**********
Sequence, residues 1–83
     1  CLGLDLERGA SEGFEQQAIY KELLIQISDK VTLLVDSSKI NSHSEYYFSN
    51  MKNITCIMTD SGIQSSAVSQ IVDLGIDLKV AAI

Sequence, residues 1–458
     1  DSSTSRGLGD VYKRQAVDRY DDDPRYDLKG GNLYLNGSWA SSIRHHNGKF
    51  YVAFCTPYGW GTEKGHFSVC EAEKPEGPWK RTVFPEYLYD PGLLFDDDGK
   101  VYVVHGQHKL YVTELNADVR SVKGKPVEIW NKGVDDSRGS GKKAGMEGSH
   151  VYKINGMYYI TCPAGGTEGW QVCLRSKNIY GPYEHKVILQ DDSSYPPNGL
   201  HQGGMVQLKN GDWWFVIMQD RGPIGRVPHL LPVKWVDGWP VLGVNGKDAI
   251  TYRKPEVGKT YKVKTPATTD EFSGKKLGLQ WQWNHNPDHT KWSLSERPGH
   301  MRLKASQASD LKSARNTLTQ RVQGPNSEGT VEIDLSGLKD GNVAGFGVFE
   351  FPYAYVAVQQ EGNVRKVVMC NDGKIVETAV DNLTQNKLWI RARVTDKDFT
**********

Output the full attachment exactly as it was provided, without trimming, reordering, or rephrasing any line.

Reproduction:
Sequence, residues 1–83
     1  CLGLDLERGA SEGFEQQAIY KELLIQISDK VTLLVDSSKI NSHSEYYFSN
    51  MKNITCIMTD SGIQSSAVSQ IVDLGIDLKV AAI

Sequence, residues 1–458
     1  DSSTSRGLGD VYKRQAVDRY DDDPRYDLKG GNLYLNGSWA SSIRHHNGKF
    51  YVAFCTPYGW GTEKGHFSVC EAEKPEGPWK RTVFPEYLYD PGLLFDDDGK
   101  VYVVHGQHKL YVTELNADVR SVKGKPVEIW NKGVDDSRGS GKKAGMEGSH
   151  VYKINGMYYI TCPAGGTEGW QVCLRSKNIY GPYEHKVILQ DDSSYPPNGL
   201  HQGGMVQLKN GDWWFVIMQD RGPIGRVPHL LPVKWVDGWP VLGVNGKDAI
   251  TYRKPEVGKT YKVKTPATTD EFSGKKLGLQ WQWNHNPDHT KWSLSERPGH
   301  MRLKASQASD LKSARNTLTQ RVQGPNSEGT VEIDLSGLKD GNVAGFGVFE
   351  FPYAYVAVQQ EGNVRKVVMC NDGKIVETAV DNLTQNKLWI RARVTDKDFT